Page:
43ºF

Why parents of private-school kids aren't put off by rising tuition

Data suggest no effect on enrollments

The average private-school tuition in the U.S. is now just shy of $10,000 a year -- more than the average sticker price for a public university.

Few things generate as much angst for parents as how to pay for college. But dealing with the high cost of education is nothing new if your kids spent their K-12 years in a private school.

The average private-school tuition in the U.S. is now just shy of $10,000 a year -- more than the average sticker price for a public university. Since 1988, annual increases have ranged from 2.6 percent to more than 4 percent, outpacing inflation.  

And there is no sign the trend will be reversed. In fact, while colleges raise tuition almost reluctantly, fearing a customer backlash, private schools are encouraged to embrace a price hike.

In a study published earlier this year, researchers analyzed six years of data from 259 nonprofit private schools and found almost no correlation between tuition increases and enrollment. The biggest driver of enrollmentnis how parents perceive the school’s qualities; and as long as the perception is that the money will be used to expand programs or increase teacher pay, for example, tuition hikes can be justified.

“There is an understandable concern that increasing tuition to enhance the quality of the program could drive families away,” the authors wrote. “Overall, the fear is just that, fear, and schools can increase tuition concomitant with perceived quality and expect enrollments to remain at least constant.”

As they become more expensive, private K-12 schools are struggling with same challenges faced by public colleges and universities. And, as recent data suggests, how they respond could have an impact on their quality, as well as who can gain access.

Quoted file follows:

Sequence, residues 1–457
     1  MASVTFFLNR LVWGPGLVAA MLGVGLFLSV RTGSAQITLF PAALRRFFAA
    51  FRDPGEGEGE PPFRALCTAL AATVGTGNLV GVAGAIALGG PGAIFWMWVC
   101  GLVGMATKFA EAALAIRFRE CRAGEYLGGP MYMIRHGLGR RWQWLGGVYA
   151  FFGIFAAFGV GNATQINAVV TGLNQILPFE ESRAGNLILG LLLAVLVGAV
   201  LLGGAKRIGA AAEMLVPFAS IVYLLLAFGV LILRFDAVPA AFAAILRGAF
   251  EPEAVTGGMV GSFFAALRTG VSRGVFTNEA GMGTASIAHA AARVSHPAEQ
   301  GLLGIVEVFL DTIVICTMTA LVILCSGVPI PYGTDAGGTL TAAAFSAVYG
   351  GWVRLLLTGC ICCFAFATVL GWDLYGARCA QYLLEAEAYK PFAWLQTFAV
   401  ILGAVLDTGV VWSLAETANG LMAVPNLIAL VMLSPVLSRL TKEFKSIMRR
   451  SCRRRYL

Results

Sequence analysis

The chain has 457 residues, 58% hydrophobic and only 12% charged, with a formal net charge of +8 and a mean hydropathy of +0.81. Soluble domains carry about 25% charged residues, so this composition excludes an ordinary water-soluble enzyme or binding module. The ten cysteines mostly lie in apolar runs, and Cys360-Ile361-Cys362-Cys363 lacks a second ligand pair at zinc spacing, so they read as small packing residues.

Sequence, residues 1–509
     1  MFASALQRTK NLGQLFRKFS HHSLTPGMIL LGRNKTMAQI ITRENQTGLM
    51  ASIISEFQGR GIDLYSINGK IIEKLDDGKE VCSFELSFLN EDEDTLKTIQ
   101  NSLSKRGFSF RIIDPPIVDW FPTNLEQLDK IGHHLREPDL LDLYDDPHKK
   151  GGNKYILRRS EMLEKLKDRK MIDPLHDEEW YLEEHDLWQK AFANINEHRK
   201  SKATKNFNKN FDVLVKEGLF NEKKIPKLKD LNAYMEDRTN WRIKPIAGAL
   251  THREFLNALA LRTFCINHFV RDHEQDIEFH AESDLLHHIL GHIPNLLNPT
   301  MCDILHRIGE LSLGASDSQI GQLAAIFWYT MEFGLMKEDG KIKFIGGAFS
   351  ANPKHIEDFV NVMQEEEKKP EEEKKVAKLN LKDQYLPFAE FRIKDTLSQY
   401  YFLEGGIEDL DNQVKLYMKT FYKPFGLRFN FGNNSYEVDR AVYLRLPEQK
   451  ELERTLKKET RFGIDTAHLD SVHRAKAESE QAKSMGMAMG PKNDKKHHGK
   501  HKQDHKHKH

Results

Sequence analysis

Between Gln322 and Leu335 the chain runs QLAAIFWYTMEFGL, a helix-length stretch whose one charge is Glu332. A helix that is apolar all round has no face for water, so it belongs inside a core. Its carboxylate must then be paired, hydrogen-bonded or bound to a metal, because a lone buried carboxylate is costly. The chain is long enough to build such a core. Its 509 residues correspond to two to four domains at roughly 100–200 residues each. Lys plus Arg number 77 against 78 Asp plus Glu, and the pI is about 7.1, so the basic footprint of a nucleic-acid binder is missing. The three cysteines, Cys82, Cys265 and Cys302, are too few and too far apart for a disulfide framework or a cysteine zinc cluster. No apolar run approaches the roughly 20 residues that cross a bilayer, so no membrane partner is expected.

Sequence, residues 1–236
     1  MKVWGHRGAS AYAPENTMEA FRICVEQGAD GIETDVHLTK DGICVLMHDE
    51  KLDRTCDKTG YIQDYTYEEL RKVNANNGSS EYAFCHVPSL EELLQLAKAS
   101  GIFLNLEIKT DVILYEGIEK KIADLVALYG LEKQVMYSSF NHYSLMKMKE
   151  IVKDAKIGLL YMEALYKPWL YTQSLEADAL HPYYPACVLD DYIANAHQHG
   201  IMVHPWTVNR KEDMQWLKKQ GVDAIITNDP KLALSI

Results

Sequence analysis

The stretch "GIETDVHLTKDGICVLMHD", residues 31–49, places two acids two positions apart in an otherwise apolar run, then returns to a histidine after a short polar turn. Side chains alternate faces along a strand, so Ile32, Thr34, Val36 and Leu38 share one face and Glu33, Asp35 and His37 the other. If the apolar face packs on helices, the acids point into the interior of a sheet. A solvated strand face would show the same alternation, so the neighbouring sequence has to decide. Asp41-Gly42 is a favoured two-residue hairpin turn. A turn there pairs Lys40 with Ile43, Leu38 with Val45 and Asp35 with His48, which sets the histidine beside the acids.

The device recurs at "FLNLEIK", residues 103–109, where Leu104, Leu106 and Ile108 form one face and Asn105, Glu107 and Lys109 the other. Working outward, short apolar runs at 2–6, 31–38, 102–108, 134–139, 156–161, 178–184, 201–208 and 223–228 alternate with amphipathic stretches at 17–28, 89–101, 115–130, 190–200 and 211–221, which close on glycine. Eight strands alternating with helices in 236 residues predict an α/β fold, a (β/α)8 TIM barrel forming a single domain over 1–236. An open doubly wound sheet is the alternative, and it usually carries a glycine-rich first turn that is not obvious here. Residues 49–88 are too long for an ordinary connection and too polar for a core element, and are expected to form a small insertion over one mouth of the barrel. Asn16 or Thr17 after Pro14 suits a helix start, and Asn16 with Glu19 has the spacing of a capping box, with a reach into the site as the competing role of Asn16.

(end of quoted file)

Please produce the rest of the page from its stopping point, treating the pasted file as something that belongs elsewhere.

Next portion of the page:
Shifting compensation

In one parallel to higher education, rising tuition at private K-12 schools has not had much effect on teacher salaries, which, adjusted for inflation, have increased only modestly. Meanwhile, private schools are spending more than ever on administrative salaries.

Per-pupil spending on administrators has risen twice as fast as spending on teachers, according to a 2016 study commissioned by the National Association of Independent Schools. In 1988, schools spent 25 cents on administrative pay for every dollar spent on teacher salaries. By 2013, administrative pay had risen to 45 cents for every dollar of teacher salary.

And as a share of total private-school spending, teacher pay fell from 41 percent in 1988 to 32 percent in 2013, while administrative salaries rose from 10 percent to 14 percent.

“In short,” said Jeffrey Mitchell, head of school at Currey Ingram Academy in Brentwood, Tennessee, “we have a larger number of administrative people in our schools and also a larger proportion of our collective staffs are administrators who, by the nature of their jobs, tend to be compensated better than faculty and staff.”

Paying the freight

About 13 percent of parents of children in private K-12 schools borrow to pay tuition (compared to 19 percent of college students and families). Most rely largely on income and savings, with some also using credit cards or gifts from family.

Not surprisingly, as private-school tuition has risen, so has the need for financial aid -- even among high-income families.

Indeed, while the number of families receiving aid packages has grown steadily, middle- and low-income families receive a smaller share of the total awarded than just a few years ago. In the 2010–11 school year, one in four financial aid awards went to families earning less than $51,000. By 2015-2016, it was just 19 percent.

Meanwhile, the share of awards to families earning more than $121,000 increased from 30 percent to 43 percent. In 2015-2016, according to the NAIS, nearly five times as many families in the top 20 percent of family incomes received need-based aid in than families in the bottom 20 percent.

“These data suggest that today’s financial-aid recipient pool is actually somewhat less socioeconomically diverse than even just five years ago,” Mark Mitchell, vice president of school & student services for NAIS. “In short, financial-aid distribution is skewing toward higher-income families.”